A Climate Vulnerability Assessment for Fish and Invertebrates in the United States South Atlantic Large Marine Ecosystem
We conducted a climate vulnerability assessment on 71 species of commercially, recreationally, or ecologically important fish and invertebrate species found in riverine, estuarine, nearshore, and offshore waters of the southeast U.S. Atlantic coast.
Climate change is occurring in most geographic regions, affecting marine fishery resources and the communities that rely on them for livelihood. Effects include changes in distribution, abundance, and productivity. Managers need to understand which species are most vulnerable, as these changes are likely to intensify in the future. Traditional quantitative approaches require a large amount of resources and generally are not applicable to multiple species at once. A recently developed methodology for climate vulnerability assessments allows for the assessment of a wide range of species and uses both existing information and expert opinion to assess both the exposure of species to various climate stressors as well as the inherent biological sensitivity of species to that same stressor. The combination of exposure and sensitivity yields an overall climate vulnerability estimate. Here we conduct a climate vulnerability assessment on 71 species of commercially, recreationally, or ecologically important fish and invertebrate species found in riverine, estuarine, nearshore, and offshore waters of the southeast US Atlantic coast. Climate vulnerability refers to reduced productivity or abundance due to a changing climate. We determined that overall climate vulnerability is high or very high for almost two-thirds of species assessed, and the most impacted functional groups of species included deepwater reef fishes, diadromous fishes and invertebrates. Sea surface temperature, sea surface salinity, and ocean acidification were determined to be the exposure factors with the greatest impact on species. Slightly more than half of species assessed have a high or very high potential for a change in geographic distribution due to climate change. Negative effects of climate change were predicted for only 18% of species, while 31 species were expected to be positively affected. These results will aid scientists in focusing research efforts on the most vulnerable species and help fishery managers incorporate climate change into their decisions.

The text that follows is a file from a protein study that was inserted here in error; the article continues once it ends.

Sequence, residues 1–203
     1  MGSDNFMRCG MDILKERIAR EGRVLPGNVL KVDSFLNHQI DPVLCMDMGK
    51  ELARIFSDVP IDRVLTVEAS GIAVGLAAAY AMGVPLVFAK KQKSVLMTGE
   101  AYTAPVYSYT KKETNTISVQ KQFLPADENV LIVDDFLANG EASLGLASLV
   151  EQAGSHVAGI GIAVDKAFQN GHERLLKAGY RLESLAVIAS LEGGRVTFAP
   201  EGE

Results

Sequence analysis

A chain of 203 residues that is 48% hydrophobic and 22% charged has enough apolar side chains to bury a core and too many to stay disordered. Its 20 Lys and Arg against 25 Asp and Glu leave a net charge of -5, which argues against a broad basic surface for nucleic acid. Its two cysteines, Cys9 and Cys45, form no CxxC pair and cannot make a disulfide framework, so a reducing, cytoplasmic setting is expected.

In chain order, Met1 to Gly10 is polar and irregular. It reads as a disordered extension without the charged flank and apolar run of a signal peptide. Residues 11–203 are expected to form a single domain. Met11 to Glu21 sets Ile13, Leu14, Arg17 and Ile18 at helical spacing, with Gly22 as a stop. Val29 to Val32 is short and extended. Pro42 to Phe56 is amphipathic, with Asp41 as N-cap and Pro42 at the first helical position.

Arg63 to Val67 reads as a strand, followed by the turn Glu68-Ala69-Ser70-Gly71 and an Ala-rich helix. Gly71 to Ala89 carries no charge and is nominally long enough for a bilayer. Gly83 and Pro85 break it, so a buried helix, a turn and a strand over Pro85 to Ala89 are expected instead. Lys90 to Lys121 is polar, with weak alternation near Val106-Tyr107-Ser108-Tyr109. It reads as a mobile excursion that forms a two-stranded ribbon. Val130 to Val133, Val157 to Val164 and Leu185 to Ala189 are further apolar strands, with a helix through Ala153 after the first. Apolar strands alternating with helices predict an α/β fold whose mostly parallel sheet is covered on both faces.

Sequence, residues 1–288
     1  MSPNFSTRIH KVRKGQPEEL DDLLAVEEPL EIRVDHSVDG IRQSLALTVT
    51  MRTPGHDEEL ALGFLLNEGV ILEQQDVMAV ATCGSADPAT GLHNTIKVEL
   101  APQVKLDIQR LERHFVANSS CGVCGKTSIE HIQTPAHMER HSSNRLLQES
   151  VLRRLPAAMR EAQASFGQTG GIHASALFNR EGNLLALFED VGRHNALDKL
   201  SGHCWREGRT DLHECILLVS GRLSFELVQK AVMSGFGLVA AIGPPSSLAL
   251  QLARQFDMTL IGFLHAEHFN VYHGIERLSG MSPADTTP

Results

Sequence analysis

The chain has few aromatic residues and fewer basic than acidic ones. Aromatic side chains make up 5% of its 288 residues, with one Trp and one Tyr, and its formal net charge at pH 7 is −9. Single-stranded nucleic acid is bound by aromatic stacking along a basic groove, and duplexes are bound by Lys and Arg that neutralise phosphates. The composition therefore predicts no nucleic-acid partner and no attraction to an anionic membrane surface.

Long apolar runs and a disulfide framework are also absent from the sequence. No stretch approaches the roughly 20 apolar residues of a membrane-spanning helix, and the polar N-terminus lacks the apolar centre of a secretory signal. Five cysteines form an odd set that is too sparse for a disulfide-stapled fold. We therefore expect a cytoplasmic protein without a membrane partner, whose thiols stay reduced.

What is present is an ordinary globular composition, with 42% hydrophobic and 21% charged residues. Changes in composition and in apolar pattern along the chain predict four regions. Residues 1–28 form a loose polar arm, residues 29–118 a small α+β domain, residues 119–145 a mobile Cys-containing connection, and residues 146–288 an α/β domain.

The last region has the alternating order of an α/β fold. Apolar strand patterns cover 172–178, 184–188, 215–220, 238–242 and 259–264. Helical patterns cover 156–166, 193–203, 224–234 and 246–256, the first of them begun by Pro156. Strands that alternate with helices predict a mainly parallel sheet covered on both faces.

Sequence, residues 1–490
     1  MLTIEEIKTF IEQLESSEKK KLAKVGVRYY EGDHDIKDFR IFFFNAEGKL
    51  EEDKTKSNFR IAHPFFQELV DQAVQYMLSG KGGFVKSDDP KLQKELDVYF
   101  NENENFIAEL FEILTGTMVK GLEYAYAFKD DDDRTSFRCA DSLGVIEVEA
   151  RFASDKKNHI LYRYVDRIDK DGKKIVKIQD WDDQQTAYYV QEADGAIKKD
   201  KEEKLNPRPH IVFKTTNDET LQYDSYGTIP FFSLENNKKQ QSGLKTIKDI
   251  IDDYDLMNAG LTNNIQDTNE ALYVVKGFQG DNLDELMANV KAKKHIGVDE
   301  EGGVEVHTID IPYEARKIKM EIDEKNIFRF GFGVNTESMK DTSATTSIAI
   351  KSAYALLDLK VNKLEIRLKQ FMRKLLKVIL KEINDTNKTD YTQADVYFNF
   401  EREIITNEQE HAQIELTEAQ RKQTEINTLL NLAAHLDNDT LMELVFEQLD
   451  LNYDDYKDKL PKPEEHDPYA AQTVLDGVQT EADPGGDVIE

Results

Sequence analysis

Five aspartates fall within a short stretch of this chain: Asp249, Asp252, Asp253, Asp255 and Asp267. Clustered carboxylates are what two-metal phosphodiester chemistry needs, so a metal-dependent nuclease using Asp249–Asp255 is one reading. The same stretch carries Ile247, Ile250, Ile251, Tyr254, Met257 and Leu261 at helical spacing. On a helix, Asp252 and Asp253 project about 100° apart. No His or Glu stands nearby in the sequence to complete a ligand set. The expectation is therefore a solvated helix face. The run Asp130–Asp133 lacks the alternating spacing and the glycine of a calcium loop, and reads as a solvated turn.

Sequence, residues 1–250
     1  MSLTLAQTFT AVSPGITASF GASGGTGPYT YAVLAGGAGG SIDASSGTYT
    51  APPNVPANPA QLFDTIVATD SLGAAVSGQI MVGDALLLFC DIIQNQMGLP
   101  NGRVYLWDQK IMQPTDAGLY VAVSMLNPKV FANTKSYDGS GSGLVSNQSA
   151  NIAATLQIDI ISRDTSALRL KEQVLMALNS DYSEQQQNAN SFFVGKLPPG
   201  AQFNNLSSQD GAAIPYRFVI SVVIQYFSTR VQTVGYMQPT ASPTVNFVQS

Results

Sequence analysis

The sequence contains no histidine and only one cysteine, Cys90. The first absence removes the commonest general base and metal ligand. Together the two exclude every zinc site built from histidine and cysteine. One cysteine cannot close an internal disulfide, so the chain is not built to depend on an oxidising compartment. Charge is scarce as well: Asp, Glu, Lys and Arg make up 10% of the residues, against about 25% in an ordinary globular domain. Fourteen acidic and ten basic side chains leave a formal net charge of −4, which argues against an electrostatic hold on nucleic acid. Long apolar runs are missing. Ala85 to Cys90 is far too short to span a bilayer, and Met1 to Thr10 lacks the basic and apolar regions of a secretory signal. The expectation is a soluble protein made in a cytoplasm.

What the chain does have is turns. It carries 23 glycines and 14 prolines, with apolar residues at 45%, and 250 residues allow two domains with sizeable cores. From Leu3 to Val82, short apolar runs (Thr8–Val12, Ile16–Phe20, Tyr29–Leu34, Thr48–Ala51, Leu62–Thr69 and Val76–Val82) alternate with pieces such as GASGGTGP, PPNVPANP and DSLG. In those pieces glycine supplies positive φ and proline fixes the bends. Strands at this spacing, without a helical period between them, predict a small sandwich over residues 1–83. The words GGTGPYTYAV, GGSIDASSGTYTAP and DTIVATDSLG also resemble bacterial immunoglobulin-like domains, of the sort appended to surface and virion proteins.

Burton, Michael L. et al. 2023. A Climate vulnerability assessment for fish and invertebrates in the United States South Atlantic large marine ecosystem. NOAA Technical Memorandum NMFS-SEFSC-768, 408 p. https://doi.org/10.25923/f90h-1z90